My buddy Ted was born today in 1908. His work was one of the first poems I did a close reading of in high school (thanks, Mr. Bickmore!) and I had never experienced anything like it before.

Here’s the end section of that poem, “The Shape of the Fire,” which the close reading told me was about the move from chaos to order (oh, and life? take a hint from that theme):

To have the whole air!—
The light, the full sun
Coming down on the flowerheads,
The tendrils turning slowly,
A slow snail-lifting, liquescent;
To be by the rose
Rising slowly out of its bed,
Still as a child in its first loneliness;
To see cyclamen veins become clearer in early sunlight,
And mist lifting out of the brown cat-tails;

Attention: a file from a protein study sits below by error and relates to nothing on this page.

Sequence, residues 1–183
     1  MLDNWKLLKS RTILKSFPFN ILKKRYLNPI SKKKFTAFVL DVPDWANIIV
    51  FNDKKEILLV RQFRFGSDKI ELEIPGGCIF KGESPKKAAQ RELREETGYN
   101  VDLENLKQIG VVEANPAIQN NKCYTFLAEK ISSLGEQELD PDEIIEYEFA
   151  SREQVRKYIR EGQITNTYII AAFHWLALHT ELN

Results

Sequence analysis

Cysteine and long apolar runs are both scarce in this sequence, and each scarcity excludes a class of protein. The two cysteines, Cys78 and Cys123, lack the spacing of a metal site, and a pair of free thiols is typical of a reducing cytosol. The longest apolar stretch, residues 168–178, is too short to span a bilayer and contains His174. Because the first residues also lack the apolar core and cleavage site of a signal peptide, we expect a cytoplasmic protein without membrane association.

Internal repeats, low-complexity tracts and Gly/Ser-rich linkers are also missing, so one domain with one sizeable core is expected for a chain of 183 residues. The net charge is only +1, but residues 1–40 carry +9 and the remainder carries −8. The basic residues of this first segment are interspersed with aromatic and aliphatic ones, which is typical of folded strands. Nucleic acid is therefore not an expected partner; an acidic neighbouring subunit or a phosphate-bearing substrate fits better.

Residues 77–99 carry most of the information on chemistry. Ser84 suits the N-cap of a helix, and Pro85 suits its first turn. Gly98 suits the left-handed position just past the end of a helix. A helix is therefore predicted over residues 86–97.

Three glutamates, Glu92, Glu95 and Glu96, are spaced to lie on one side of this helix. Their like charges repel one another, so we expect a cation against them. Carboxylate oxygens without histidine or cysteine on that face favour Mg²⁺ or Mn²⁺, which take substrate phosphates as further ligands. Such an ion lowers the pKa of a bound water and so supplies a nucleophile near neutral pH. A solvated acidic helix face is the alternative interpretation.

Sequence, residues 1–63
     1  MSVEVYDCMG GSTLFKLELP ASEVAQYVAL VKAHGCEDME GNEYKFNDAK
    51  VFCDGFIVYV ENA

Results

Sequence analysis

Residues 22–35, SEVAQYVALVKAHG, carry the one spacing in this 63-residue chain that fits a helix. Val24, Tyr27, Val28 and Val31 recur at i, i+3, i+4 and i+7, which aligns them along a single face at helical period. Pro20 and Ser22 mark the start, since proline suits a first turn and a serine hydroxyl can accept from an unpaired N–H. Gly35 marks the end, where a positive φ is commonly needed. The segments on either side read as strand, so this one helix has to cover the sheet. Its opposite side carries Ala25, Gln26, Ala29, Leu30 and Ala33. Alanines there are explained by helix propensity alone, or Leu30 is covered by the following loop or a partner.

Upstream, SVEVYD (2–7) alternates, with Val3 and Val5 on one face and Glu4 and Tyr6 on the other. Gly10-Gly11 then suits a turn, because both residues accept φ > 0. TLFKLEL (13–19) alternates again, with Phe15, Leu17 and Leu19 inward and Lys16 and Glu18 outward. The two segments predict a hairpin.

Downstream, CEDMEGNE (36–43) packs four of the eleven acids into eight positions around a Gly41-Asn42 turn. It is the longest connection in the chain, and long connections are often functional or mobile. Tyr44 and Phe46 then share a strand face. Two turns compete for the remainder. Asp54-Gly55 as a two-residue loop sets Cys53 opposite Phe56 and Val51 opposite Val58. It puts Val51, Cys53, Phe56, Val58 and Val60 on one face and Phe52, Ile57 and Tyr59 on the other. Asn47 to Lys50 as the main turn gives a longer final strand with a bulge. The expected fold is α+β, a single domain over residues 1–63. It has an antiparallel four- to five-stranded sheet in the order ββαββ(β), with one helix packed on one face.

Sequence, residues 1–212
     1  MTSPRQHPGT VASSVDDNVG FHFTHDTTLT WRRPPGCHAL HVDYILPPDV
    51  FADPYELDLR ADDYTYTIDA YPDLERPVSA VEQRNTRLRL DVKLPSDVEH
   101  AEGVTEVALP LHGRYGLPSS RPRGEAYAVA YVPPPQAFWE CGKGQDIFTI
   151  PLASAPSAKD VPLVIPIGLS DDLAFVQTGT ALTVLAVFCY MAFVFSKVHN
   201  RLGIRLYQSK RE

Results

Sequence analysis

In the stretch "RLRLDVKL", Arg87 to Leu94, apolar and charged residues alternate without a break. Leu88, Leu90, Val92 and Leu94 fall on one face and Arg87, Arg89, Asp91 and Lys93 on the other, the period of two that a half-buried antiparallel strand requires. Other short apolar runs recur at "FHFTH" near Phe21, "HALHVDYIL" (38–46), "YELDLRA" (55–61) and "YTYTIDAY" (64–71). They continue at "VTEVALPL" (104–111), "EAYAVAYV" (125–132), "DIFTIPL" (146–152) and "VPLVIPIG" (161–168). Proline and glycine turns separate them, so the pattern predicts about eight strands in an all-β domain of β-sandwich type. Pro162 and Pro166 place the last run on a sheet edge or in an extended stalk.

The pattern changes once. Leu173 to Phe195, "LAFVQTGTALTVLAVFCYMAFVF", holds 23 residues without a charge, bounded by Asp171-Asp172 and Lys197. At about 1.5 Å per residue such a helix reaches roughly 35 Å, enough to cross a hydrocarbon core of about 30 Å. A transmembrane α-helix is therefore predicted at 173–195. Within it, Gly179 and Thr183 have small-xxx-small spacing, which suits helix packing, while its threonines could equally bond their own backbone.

To stare into the after-light, the glitter left on the lake’s surface,
When the sun has fallen behind a wooded island;
To follow the drops sliding from a lifted oar,
Held up, while the rower breathes, and the small boat drifts quietly shoreward;
To know that light falls and fills, often without our knowing,
As an opaque vase fills to the brim from a quick pouring,
Fills and trembles at the edge yet does not flow over,
Still holding and feeding the stem of the contained flower.